James Dungy was just 18 when he committed suicide a few days before Christmas in 2005. His girlfriend discovered him in his Tampa apartment. His father, Indianapolis Colts coach Tony Dungy, was left to deal with his emotions and those of his family.
Professional sports are not immune from life's often-cold realities. There is so much that goes on in sports that the public never sees or hears, unless in the case of Reid's sons, Garrett and Britt, it becomes public. Each had well-publicized legal and drug issues.
The reality is that everybody is one phone call, one knock on the door away from the unthinkable.
Dungy, like Reid, was a well-known public figure, so his son's death resonated beyond the sports world. Philbin was less well-known, but the timing of his son's death was such that it could not help but attract attention.
What plays out in public, however, can never trump what happens in private. Fans see athletes and coaches with what appears to be control. Appearances can be deceiving.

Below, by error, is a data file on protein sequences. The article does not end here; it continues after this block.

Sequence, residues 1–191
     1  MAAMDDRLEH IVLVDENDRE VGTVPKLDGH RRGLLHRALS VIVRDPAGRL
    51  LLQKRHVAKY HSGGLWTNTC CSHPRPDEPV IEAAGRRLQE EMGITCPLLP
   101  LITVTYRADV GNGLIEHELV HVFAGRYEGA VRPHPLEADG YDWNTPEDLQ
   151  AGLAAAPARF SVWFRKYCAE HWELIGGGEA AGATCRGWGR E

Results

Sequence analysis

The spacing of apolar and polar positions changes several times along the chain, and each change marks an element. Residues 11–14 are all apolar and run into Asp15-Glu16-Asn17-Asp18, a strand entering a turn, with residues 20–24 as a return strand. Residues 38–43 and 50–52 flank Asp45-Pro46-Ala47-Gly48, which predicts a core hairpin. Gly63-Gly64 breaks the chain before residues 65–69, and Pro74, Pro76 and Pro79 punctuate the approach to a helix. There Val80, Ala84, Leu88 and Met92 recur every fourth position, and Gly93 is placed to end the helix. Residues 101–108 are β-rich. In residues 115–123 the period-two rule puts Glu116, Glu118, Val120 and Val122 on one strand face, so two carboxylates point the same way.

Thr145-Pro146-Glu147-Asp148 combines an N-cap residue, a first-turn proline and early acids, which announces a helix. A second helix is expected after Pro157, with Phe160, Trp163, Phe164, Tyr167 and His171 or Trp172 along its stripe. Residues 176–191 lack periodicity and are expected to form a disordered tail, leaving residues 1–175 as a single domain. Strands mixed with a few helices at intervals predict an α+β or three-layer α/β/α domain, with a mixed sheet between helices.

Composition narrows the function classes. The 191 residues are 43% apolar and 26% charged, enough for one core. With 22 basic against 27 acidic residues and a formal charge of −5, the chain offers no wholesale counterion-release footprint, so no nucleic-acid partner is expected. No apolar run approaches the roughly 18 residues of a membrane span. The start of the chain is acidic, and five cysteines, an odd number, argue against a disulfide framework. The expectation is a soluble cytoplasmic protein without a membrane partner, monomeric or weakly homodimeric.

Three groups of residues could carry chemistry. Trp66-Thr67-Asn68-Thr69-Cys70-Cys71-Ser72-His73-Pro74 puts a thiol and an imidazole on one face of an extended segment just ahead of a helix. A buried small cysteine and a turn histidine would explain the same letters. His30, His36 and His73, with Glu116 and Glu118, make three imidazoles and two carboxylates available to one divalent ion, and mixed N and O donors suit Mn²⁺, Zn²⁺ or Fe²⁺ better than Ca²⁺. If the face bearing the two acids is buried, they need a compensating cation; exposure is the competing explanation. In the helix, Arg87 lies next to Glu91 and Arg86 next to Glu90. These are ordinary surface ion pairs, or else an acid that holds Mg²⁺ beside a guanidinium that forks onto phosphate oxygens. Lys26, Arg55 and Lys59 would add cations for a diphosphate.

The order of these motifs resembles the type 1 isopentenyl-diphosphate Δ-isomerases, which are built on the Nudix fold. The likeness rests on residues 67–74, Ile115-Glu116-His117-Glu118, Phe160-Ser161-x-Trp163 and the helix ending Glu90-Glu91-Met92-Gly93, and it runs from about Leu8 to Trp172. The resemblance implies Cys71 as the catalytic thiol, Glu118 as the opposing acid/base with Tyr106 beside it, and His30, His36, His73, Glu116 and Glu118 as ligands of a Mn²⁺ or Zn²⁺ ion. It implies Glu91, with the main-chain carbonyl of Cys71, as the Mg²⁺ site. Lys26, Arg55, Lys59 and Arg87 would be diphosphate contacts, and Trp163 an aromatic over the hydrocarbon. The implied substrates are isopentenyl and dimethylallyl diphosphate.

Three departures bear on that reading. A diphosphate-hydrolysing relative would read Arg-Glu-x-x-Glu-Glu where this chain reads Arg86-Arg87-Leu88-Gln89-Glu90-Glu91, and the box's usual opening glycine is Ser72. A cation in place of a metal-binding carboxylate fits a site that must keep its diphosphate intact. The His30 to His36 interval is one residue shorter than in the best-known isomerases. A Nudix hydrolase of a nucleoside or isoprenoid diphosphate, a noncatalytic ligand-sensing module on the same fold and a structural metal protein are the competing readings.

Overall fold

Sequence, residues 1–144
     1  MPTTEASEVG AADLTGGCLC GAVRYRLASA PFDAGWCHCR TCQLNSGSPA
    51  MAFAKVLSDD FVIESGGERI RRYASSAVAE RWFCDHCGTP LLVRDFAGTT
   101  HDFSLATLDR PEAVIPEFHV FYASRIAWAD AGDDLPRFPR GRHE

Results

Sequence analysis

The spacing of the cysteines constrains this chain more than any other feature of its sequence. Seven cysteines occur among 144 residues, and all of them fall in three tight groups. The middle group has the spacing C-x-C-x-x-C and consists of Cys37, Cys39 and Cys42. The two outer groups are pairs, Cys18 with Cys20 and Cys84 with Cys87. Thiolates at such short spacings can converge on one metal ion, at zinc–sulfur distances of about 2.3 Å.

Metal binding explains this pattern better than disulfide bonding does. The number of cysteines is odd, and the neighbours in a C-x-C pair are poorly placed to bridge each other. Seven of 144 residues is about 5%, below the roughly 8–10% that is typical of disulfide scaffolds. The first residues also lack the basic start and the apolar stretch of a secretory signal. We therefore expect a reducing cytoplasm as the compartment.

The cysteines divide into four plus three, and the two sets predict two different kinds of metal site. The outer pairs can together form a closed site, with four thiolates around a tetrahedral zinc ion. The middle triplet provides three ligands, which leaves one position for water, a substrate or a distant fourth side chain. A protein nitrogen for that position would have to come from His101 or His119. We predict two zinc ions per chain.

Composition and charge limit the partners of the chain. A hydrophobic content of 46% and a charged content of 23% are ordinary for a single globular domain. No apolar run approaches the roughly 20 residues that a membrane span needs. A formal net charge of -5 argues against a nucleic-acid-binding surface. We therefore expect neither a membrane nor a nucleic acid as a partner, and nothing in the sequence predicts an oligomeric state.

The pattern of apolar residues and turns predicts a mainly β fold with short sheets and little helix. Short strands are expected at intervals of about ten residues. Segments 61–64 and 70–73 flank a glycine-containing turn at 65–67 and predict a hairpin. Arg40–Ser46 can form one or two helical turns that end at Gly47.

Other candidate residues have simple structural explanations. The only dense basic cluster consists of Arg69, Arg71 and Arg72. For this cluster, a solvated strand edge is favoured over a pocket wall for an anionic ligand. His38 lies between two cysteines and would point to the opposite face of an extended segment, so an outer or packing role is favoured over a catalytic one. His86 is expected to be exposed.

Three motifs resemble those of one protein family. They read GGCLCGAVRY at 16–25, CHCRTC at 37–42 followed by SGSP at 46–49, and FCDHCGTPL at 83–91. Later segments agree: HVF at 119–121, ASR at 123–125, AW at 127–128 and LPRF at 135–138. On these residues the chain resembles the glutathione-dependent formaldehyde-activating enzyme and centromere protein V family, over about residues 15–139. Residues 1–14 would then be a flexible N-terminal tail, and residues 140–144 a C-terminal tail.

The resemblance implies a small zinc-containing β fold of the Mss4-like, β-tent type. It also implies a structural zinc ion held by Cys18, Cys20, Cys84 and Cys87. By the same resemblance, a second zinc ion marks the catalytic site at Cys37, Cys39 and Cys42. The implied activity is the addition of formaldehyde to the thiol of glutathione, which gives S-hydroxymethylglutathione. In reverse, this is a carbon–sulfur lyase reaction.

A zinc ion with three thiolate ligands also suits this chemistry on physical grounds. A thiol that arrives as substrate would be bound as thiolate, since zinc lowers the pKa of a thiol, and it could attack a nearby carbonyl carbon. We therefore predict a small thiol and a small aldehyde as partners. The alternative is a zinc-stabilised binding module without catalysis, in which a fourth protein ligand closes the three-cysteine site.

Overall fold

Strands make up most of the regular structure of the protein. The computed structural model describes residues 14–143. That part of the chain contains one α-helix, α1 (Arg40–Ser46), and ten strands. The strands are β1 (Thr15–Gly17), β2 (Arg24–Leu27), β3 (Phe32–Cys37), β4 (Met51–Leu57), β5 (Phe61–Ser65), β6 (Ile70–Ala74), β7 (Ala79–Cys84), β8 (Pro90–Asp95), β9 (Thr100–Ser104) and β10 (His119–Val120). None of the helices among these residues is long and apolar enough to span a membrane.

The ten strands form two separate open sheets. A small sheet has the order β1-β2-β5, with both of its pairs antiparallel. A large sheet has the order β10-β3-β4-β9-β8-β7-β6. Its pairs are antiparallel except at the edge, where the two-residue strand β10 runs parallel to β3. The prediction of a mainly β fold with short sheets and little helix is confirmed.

Circumstances were different, but no less tragic when Randall Cunningham's son, Christian, just 2, died in Las Vegas, as the result of a hot-tub accident in June 2010. The Eagles all-timer, so invincible on the field, became a grieving father.
Last November, Griffen Kramer, a quarterback for the Thousand Oaks (Calif.) High football team and the 18-year-old son of longtime former NFL quarterback Erik Kramer, was found dead at a friend's house. The Los Angeles County Coroner's Office eventually called it a heroin overdose.
Now, the Reid family is left to wonder why, trying to understand the impossible to understand, as we all realize again that death plays no favorites and sports is just part of our wider culture, with all its agonizing mystery.
Contact Dick Jerardi at firstname.lastname@example.org.